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Old 10-21-2019, 02:21 PM
Status: "Bostonian in Baltimore" (set 17 days ago)
 
Location: Baltimore
3,143 posts, read 1,678,020 times
Reputation: 2739
Quote:
Originally Posted by unbeliever View Post
Colorado is unremarkable in every way. 21 seems generous. I stopped reading at:
"Pennsylvania Dutch culture contains the only truly regional food in the U.S. because there’s nothing like it anywhere else."

Umm, Louisiana?
Mountain Pie is pretty nice and I liked the Mexican trucks in off the beaten path areas. Also good variety of fast casual spots in Denver.
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Old 10-21-2019, 02:37 PM
 
Location: Northern Virginia
1,165 posts, read 413,988 times
Reputation: 2772
Random clickbait by silly millennials.
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Old 10-21-2019, 02:51 PM
 
360 posts, read 565,839 times
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Quote:
Originally Posted by dc1538 View Post
Most of the top 5 where as expected. They all have high populations and diversity.

I rolled my eyes, when they said Nashville put Tennessee on the culinary map. Ever since I can remember Memphis barbecue has been well known and considered some of the best in the country depending on who you ask. Nashville's cuisine, hot chicken as far a popularity, is a recent origin.

I did learn that the origins my family putting sugar on rice likely came from Arkansas, which I think one side is originally from. I get mixed reactions when I tell people I put sugar on my rice even though Arkansas is right across the river.
I'm from Arkansas and I did grow up thinking that putting sugar on it was the only way to eat rice, but I thought it was a general southern thing, not just Arkansas.
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Old 10-21-2019, 03:44 PM
 
409 posts, read 328,049 times
Reputation: 557
Quote:
Originally Posted by Jdawg8181 View Post
Anyone have this is in a list form? The slides are crashing my computer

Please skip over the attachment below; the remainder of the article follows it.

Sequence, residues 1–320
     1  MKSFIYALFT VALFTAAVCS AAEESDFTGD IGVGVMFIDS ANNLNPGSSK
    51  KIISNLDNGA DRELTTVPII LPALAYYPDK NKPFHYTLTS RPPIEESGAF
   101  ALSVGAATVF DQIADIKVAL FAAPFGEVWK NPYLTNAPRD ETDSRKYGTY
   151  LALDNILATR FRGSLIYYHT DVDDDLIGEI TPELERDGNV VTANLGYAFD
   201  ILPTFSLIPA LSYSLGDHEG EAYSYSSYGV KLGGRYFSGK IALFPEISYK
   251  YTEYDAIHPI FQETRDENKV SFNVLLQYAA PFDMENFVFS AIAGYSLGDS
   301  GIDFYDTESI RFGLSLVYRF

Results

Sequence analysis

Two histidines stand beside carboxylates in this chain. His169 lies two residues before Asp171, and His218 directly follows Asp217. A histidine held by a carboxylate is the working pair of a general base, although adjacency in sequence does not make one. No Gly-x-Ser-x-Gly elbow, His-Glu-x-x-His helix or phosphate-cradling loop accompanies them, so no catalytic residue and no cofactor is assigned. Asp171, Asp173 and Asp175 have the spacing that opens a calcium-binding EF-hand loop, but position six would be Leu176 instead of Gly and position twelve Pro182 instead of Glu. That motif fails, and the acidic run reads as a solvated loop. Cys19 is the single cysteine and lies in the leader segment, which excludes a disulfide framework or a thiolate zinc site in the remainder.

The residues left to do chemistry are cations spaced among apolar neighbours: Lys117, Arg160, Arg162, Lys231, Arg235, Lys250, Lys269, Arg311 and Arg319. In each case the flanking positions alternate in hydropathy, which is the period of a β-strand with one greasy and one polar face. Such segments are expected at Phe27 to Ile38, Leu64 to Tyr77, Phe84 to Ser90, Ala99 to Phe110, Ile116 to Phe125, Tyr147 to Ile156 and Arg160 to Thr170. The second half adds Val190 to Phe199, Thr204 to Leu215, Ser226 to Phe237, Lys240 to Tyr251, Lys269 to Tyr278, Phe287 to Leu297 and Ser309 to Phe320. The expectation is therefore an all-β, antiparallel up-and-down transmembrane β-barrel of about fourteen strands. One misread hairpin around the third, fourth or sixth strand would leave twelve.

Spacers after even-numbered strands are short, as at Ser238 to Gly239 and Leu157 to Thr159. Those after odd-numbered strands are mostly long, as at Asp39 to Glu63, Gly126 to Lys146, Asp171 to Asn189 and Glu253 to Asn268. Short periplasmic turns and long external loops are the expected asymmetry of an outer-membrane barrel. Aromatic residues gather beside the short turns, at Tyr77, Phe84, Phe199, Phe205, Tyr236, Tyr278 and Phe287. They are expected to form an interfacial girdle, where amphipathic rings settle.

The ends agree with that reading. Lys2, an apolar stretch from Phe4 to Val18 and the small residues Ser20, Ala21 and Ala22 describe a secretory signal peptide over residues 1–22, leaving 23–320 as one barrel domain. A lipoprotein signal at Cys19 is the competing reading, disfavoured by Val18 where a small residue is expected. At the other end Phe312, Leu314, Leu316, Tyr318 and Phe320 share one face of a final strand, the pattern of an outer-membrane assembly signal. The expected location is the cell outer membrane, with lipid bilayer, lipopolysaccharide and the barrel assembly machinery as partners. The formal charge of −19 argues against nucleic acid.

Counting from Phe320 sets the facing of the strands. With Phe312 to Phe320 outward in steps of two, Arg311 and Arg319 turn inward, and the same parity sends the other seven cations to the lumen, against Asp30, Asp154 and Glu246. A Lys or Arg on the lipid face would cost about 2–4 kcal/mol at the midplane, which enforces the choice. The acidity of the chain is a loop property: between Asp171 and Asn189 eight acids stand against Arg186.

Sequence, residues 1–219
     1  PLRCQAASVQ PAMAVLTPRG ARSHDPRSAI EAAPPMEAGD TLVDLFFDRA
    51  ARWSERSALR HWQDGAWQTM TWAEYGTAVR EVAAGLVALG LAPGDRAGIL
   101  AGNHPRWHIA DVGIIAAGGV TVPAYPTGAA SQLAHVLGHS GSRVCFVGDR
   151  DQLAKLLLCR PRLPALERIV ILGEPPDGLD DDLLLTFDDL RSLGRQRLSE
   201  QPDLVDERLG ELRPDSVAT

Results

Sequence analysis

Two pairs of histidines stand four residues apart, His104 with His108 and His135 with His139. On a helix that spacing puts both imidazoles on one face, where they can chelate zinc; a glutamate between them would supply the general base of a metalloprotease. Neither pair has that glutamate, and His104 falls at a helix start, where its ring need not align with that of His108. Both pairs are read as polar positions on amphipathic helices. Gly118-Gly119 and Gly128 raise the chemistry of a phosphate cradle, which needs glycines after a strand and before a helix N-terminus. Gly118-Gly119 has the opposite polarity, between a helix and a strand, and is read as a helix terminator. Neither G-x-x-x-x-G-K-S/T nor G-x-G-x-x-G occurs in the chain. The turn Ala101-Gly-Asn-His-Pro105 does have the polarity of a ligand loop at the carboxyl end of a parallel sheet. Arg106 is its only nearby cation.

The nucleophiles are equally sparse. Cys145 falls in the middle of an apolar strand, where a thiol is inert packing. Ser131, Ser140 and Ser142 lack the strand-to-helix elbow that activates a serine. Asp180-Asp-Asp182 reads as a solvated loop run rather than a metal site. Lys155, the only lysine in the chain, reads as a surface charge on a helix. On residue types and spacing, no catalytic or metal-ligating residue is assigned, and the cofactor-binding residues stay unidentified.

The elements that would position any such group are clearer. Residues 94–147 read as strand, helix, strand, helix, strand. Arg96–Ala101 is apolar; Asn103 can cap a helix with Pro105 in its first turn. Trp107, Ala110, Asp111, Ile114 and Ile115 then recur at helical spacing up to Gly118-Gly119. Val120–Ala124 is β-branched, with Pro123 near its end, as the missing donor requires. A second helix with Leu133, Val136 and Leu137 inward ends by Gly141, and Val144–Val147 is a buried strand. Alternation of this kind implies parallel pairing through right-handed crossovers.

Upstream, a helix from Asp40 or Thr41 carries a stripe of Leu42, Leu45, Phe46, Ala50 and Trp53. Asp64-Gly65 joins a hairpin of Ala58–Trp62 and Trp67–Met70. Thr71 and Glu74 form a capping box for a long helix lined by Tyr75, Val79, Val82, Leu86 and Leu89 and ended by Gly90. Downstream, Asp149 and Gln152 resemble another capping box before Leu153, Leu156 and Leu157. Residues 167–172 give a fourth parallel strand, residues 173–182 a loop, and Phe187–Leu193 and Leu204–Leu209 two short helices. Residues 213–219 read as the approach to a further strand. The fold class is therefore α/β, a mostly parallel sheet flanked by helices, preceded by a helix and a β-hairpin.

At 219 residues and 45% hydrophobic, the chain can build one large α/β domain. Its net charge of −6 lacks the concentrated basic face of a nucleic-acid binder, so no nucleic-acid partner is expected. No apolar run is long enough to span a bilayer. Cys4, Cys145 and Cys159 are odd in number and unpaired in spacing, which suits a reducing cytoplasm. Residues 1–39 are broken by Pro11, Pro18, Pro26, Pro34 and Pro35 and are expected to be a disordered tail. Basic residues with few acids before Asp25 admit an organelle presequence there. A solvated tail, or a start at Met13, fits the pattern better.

Open the link on your phone. It's in a single page format.
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Old 10-21-2019, 03:59 PM
 
409 posts, read 328,049 times
Reputation: 557
Quote:
Originally Posted by kdb05f View Post
I'm from Arkansas and I did grow up thinking that putting sugar on it was the only way to eat rice, but I thought it was a general southern thing, not just Arkansas.
I'm in Memphis, so you get a mixture of people of people from Arkansas, Mississippi, and Tennessee with recent or distant origins. Some things that I thought were general southern ways of eating are not and may be more region specific. A few that I've ran into:

Rice - sugar/no sugar
Beans- sugar/no sugar/ketchup/no ketchup
Catfish - hot sauce/ ketchup (black/white)

I'm sure there are other foods I'm leaving out.
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Old 10-21-2019, 04:26 PM
 
10,167 posts, read 13,895,768 times
Reputation: 6358
Quote:
Originally Posted by dc1538 View Post
Open the link on your phone. It's in a single page format.
Thanks, better. The ads are annoying.


NY # 2!! Woohoo. Though I think it should be #1. There isn't anything you can get in NY …


Mexican food is way better in CA BUT on the whole, I think NY has much more varieties … and I not even referring to NYC … but places like Rochester that are known for garbage plates